Quantity Available: 299
If you need to expand the number of digital inputs on your VINT Hub, this module provides four extra inputs at minimal cost. Switches, buttons, or any device with a logic-level output can be read by these inputs. The DAQ1200 connects to a port on a VINT Hub. See the Connection & Compatibility tab for a list of hubs.
If you need isolation, compatibility with higher voltages, or more digital inputs per VINT port, have a look at the "Other Digital Inputs" tab for more options. If you plan on counting pulses on a high-frequency signal (faster than 500 Hz) or to measure pulses shorter than 2ms in length, you'll want to use one of our specialized frequency counter Phidgets instead.
This Phidget is a smart device that must be controlled by a VINT Hub. For more information about VINT, have a look at the VINT Primer. You can use a Phidget Cable to simply and easily connect the two devices. Here's a list of all of the different VINT Hubs currently available:
|Image||Part Number||Price||Number of VINT Ports||Controlled By|
|HUB5000_0||$60.00||6||Local Network (Ethernet or Wi-Fi)|
Use a Phidget cable to connect this device to the hub. You can solder multiple cables together in order to make even longer Phidget cables, but you should be aware of the effects of having long wires in your system.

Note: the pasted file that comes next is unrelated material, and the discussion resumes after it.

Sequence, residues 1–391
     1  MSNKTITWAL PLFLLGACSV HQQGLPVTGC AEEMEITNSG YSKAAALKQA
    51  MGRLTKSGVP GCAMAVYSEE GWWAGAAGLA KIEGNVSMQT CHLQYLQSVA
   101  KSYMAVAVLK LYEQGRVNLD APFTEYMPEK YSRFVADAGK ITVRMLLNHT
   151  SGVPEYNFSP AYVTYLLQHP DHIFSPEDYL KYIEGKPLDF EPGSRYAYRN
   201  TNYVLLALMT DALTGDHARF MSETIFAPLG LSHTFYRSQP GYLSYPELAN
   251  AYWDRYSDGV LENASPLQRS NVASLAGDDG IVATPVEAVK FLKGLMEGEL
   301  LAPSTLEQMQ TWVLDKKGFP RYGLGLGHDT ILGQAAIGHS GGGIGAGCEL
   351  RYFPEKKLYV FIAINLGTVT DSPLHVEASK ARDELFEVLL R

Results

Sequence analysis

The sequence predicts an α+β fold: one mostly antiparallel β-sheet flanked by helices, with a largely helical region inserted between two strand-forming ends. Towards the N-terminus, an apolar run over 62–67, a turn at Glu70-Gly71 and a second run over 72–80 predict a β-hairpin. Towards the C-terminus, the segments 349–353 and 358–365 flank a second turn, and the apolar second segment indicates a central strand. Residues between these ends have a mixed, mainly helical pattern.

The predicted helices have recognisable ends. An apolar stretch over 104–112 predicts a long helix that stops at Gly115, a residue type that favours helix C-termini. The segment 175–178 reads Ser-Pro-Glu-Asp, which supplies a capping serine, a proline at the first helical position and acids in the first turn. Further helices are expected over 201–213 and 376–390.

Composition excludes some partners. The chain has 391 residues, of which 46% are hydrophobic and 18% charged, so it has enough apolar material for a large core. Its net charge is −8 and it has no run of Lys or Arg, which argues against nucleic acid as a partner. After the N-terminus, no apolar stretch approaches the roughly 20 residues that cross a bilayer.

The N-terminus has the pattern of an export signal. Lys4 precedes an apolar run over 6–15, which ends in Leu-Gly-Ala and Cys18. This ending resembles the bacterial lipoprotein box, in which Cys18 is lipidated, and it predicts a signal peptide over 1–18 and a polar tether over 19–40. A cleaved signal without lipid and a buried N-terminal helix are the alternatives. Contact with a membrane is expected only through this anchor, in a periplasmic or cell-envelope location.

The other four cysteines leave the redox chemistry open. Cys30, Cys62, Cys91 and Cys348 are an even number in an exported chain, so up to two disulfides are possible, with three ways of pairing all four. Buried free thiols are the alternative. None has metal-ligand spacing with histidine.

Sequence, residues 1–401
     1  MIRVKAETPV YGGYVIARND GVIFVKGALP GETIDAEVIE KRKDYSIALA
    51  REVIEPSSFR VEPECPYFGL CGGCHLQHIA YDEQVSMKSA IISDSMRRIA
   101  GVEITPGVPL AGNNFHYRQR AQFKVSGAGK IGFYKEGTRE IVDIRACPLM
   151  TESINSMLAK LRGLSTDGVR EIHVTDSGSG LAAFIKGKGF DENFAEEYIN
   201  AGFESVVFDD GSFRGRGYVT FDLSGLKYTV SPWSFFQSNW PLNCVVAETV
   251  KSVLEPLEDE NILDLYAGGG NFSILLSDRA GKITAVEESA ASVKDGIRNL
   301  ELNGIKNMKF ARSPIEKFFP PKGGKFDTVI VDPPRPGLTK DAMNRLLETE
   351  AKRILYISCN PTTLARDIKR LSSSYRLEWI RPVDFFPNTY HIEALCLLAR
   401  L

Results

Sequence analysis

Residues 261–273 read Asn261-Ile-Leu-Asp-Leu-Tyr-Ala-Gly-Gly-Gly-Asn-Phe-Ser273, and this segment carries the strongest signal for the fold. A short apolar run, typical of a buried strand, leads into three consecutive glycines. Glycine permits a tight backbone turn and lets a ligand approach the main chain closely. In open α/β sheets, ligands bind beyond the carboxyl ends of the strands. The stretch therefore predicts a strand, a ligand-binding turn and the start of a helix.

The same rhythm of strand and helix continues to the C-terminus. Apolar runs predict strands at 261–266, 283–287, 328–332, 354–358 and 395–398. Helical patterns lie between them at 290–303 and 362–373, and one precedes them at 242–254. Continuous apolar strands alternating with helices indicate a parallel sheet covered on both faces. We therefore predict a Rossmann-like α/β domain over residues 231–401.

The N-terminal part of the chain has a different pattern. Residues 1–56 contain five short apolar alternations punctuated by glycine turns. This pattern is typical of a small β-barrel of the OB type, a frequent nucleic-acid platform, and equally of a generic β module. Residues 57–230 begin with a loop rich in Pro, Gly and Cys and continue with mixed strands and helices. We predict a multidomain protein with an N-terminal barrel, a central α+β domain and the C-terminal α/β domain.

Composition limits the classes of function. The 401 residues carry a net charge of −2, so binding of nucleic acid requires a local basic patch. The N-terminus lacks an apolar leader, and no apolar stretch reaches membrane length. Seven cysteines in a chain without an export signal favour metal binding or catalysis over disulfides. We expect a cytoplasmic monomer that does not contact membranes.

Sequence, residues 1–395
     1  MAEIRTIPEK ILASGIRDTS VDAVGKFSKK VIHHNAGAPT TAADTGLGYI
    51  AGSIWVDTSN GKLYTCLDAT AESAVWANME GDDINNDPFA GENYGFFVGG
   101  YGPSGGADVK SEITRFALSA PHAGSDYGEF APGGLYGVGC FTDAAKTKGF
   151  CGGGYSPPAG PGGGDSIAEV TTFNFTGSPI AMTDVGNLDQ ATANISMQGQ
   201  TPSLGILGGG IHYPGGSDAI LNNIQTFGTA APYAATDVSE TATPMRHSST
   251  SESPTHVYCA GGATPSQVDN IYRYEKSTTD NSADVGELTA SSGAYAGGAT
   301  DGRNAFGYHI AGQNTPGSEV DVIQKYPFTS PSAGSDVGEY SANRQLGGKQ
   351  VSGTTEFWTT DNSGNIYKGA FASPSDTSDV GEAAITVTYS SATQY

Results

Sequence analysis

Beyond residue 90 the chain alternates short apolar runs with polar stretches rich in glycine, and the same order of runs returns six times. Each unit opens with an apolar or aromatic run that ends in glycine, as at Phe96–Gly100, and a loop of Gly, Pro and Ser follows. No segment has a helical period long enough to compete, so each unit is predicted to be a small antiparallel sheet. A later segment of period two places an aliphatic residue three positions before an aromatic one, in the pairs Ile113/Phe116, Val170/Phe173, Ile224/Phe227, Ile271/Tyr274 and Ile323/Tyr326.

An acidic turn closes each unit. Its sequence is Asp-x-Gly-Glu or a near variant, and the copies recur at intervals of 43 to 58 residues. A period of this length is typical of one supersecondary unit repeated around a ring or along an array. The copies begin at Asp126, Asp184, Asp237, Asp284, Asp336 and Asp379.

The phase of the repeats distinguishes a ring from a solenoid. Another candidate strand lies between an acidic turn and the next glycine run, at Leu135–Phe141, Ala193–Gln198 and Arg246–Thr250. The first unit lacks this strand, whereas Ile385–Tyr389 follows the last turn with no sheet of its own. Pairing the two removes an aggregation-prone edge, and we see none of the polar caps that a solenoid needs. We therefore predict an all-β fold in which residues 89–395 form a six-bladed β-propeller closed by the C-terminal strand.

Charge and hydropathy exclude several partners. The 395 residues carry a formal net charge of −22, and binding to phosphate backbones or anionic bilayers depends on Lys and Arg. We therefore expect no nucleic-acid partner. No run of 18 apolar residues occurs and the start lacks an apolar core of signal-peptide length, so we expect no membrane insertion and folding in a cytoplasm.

Welcome to the DAQ1200 user guide! In order to get started, make sure you have the following hardware on hand:
Next, you will need to connect the pieces:
Now that you have everything together, let's start using the DAQ1200!.
In order to demonstrate the functionality of the DAQ1200, the Phidget Control Panel running on a Windows machine will be used.
The Phidget Control Panel is available for use on both macOS and Windows machines.
To open the Phidget Control Panel on Windows, find the icon in the taskbar. If it is not there, open up the start menu and search for Phidget Control Panel
To open the Phidget Control Panel on macOS, open Finder and navigate to the Phidget Control Panel in the Applications list. Double click on the icon to bring up the Phidget Control Panel.
For more information, take a look at the getting started guide for your operating system:
Linux users can follow the getting started with Linux guide and continue reading here for more information about the DAQ1200.
After plugging the DAQ1200 into your computer and opening the Phidget Control Panel, you will see something like this:
The Phidget Control Panel will list all connected Phidgets and associated objects, as well as the following information:
The Phidget Control Panel can also be used to test your device. Double-clicking on an object will open an example.
Double-click on a Digital Input object in order to run the example:
General information about the selected object will be displayed at the top of the window. You can also experiment with the following functionality:
For more information about Digital Inputs, take a look at the Digital Input Primer
Before you can access the device in your own code, and from our examples, you'll need to take note of the addressing parameters for your Phidget. These will indicate how the Phidget is physically connected to your application. For simplicity, these parameters can be found by clicking the button at the top of the Control Panel example for that Phidget.